New year, new building
CARBONDALE – Carbondale high school students start attending classes today in a colorful new building that visitors described as “beautiful” at Tuesday’s open house. “I’m very into art and I like the whole lighting experience,” said Kholi Jewkes, an incoming freshman who helped out at the new Roaring Fork High School’s open house. She added that the building’s design shines natural light into classrooms and can lead to increased creativity.”It’s beautiful,” said Brad Nicholson. “The library is absolutely spectacular. … It looks like the school has emphasized academics over athletics, but they’ve done a good job with both of them.” Nicholson said his three daughters have graduated from high school already, but he and his wife Pat wanted to check out the new building. The rest of the schools in Roaring Fork School District Re-1 started Tuesday. RFHS got some extra days to move into its new building.”All the rooms have windows,” Nicholson said. “I didn’t see one without a window.”
He added that the building seems to be well-designed and makes good use of space.”It’s awesome,” said parent Marianne Ackerman.Students aren’t the only ones new to the building. Betsy Graf came from Maine to begin teaching at the new RFHS.”I think it’s a beautiful school. The library is gorgeous,” she said.She likes the views of Mount Sopris and colors throughout the building.Sopris views are framed by a large wall of glass in the media center or library. They’re also emphasized by constant windows along a curved balcony on the second floor. Shades of red, yellow, green, blue, white and other colors brighten most of the interior.”I think there’s 40-some colors throughout the building,” Graf said.
But she’s got a favorite color in her classroom – sky blue -unlike a male teacher upstairs whose classroom is pink, Graf joked.”I’m thrilled with the design of the building,” principal Dale Parker said. “Everyone that’s seen it has loved it.”The media center and “auditeria” form the spine of the building. The auditeria is a terraced cafeteria with a stage, allowing it to double as an auditorium. Classroom wings extend out to either side from the media center and auditeria on two floors. The curved walkway connects wings on the second floor.Classrooms are larger and are grouped into “neighborhoods” by grade level with small group meeting rooms. There are also “living rooms” that provide space for presentations or informal gatherings between classes.Parker said the design lends itself to a focus on academics with all wings of the building leading toward the media center.RFHS has 25 of 30 staff members returning or transferring from other positions in the district. The school was expected to have about 320 students this year, with more than 100 freshman.Parker said previously that the new year and new building is an opportunity to change how the school does business.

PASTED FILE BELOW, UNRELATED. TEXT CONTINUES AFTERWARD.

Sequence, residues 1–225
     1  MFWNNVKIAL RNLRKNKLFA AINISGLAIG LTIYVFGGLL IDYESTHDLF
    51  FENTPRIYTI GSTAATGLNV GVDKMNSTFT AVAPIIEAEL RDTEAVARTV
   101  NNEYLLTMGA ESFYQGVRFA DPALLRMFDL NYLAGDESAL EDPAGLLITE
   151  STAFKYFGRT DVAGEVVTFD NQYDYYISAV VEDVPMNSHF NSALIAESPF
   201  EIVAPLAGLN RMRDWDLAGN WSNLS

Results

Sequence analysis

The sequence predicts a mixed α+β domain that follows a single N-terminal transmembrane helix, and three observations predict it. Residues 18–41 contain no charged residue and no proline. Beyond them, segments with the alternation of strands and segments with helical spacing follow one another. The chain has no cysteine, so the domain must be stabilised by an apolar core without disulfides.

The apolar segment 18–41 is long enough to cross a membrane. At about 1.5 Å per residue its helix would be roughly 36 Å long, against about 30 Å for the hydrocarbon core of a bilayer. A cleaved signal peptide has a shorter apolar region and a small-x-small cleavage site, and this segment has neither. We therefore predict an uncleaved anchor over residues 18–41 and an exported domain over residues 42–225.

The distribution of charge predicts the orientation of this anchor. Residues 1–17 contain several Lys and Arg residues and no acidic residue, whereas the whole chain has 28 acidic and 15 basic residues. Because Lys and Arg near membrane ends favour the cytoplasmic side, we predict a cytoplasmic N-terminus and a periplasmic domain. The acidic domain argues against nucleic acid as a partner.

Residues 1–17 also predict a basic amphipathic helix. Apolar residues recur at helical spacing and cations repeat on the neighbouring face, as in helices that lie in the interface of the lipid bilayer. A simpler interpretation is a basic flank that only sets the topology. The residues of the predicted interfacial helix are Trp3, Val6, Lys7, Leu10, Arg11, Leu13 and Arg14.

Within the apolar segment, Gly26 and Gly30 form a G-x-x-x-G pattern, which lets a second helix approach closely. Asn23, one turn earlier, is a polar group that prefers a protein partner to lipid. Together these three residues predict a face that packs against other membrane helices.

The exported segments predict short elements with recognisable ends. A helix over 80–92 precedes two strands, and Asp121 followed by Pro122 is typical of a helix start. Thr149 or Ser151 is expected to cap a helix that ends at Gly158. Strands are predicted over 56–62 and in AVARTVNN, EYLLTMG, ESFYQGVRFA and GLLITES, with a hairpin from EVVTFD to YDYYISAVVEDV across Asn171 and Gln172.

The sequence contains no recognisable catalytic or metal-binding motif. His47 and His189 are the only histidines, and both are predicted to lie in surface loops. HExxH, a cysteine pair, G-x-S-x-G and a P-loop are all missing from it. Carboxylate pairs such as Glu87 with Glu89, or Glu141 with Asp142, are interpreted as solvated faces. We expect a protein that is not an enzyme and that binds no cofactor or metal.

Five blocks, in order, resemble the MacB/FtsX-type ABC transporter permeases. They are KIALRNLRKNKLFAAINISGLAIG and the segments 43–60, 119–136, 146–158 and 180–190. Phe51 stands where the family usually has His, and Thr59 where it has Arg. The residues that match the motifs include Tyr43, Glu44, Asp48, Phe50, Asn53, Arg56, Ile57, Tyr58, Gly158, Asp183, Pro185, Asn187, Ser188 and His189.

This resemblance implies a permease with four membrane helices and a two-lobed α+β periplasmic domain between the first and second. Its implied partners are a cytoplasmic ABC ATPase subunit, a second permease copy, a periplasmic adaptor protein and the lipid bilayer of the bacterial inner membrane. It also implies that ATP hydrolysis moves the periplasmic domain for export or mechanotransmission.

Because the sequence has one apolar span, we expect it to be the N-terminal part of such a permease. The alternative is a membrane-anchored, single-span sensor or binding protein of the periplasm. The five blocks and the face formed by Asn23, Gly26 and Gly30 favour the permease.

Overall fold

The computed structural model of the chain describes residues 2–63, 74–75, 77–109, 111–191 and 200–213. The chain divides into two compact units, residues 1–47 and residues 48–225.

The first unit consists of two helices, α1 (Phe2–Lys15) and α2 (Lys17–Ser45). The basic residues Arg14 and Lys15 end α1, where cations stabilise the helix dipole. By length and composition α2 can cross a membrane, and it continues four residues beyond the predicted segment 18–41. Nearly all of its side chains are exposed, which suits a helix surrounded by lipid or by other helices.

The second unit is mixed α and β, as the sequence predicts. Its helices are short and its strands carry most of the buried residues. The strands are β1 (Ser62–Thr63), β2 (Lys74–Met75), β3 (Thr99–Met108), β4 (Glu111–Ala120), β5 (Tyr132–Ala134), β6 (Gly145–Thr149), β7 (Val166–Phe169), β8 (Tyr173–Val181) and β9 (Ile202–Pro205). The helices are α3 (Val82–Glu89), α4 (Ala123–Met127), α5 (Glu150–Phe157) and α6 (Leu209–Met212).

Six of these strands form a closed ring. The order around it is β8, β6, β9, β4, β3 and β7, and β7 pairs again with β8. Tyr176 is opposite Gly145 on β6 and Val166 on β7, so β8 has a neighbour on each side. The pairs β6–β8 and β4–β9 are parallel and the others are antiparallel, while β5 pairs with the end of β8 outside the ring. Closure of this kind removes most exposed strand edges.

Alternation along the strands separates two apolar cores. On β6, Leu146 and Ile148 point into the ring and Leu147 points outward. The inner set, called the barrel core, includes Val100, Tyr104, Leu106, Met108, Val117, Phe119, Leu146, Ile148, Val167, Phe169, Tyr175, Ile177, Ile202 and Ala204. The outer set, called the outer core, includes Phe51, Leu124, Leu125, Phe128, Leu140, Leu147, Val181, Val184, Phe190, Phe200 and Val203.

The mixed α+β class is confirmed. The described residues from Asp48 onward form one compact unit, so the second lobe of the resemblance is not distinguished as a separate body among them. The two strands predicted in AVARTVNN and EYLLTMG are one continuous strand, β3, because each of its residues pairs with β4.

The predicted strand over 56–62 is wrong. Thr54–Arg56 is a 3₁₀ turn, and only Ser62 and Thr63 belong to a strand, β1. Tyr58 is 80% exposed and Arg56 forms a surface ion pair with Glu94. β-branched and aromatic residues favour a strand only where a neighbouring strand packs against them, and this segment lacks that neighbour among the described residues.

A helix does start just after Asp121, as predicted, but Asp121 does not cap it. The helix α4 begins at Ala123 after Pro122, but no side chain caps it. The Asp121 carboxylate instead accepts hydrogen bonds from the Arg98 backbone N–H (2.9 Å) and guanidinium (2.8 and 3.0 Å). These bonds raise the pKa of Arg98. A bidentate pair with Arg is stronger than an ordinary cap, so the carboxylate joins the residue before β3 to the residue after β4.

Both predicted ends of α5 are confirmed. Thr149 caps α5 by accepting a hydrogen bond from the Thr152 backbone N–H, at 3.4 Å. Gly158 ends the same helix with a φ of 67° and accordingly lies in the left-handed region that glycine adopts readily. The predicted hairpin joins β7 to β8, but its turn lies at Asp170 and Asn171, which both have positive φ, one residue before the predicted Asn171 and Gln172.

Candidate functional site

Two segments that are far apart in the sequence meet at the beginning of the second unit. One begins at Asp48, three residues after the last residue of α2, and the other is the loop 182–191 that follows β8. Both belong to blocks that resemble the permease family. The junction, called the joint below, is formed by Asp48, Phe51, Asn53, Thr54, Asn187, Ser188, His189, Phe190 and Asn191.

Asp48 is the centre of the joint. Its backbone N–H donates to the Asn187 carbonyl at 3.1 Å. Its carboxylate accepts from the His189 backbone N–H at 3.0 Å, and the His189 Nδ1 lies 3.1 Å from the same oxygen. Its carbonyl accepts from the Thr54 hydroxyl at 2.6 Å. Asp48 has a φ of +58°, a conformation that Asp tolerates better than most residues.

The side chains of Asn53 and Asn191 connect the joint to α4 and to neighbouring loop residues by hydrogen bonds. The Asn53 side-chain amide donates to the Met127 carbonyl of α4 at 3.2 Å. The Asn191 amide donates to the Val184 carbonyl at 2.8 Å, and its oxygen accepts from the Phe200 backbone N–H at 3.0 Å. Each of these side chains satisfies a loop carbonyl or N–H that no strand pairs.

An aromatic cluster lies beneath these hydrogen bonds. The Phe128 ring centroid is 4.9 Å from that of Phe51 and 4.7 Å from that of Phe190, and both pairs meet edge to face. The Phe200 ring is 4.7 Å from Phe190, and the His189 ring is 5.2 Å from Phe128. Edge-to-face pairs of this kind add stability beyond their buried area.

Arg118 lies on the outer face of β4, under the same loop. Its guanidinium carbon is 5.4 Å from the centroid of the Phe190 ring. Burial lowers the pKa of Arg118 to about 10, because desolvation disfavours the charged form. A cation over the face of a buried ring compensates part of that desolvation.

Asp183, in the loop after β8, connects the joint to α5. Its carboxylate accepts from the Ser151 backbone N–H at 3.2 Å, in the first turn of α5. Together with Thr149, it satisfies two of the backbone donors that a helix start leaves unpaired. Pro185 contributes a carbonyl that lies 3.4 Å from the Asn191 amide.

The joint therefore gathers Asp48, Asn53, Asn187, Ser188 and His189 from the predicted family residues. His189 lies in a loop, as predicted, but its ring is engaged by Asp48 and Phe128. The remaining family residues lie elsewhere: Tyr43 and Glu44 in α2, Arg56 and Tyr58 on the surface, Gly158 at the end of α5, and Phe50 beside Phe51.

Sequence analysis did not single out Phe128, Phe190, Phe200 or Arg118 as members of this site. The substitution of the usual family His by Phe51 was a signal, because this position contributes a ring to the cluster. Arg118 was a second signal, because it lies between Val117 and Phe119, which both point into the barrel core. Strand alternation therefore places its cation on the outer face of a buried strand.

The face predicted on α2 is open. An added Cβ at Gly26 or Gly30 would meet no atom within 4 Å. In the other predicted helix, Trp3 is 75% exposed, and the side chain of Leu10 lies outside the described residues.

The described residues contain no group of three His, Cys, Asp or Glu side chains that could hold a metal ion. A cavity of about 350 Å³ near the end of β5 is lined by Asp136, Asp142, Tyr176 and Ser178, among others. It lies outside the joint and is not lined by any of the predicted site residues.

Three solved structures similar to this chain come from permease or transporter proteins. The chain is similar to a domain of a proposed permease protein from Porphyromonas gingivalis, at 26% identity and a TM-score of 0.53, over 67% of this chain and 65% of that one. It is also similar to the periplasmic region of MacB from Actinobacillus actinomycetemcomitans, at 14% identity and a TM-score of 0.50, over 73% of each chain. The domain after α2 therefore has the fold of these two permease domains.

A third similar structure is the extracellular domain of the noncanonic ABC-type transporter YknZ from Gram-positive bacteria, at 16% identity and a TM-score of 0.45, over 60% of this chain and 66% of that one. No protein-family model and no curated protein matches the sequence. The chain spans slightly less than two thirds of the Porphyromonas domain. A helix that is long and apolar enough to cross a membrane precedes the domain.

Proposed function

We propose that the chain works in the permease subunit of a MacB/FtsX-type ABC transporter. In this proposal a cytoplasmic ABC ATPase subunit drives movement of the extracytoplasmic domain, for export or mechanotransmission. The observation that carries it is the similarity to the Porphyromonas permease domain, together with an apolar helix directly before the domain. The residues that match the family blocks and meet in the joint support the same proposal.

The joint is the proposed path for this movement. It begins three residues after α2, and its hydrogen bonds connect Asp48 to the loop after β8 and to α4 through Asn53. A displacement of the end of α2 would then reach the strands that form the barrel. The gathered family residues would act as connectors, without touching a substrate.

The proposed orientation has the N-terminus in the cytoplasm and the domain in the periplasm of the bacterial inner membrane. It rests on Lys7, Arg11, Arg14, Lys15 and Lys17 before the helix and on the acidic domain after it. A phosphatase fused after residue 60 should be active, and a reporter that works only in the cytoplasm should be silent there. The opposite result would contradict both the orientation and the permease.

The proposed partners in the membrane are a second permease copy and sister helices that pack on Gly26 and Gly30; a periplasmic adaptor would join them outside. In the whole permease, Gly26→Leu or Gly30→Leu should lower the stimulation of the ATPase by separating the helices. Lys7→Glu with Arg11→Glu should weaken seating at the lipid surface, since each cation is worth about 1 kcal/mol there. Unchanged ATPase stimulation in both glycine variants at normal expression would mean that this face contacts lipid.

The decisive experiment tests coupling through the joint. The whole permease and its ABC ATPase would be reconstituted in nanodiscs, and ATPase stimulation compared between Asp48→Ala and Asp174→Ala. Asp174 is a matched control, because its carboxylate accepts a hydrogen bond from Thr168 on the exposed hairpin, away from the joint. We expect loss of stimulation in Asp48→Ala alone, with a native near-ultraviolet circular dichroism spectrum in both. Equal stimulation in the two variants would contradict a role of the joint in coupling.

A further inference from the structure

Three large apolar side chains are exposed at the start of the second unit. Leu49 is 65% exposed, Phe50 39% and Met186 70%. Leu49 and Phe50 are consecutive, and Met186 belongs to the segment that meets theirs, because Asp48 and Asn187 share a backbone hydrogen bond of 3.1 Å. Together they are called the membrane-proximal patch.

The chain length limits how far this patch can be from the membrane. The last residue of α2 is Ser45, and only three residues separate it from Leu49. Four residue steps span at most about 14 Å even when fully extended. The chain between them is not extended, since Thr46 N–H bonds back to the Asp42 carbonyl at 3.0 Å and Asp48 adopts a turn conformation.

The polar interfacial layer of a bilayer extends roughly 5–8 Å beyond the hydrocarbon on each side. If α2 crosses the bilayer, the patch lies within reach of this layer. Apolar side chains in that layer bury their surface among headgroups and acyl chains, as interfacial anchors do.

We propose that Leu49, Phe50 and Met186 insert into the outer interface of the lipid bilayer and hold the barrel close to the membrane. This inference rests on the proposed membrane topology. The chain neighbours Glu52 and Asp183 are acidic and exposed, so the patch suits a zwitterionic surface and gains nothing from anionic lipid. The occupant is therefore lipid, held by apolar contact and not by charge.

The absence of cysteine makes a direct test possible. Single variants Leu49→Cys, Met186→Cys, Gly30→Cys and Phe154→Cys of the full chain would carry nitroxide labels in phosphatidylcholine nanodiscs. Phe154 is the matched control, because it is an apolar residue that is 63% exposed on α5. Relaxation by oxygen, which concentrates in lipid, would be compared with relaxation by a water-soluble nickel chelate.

People had raised concerns last year about what they felt was a lack of communication between the school and community and a lack of academic rigor at the school. Some felt it was not challenging enough to retain students. The school also was operating without an accountability committee, a violation of state law. Parker admitted the lack of an accountability committee was an oversight on his part but said a lack of parent involvement was partly to blame. A committee has since been formed.RFHS is also striving for an international focus. Parker said it’s probably the only school in the area offering three foreign languages: German, French and Spanish. He said RFHS is also encouraging foreign exchange programs and opportunities for summer travel.”We’re looking at international themes within our curriculum to give students more of a global perspective on their role in the world,” Parker said.Valley Journal editor John Stroud contributed to this report.
Contact Pete Fowler: 945-8515, ext. 16611 firstname.lastname@example.org
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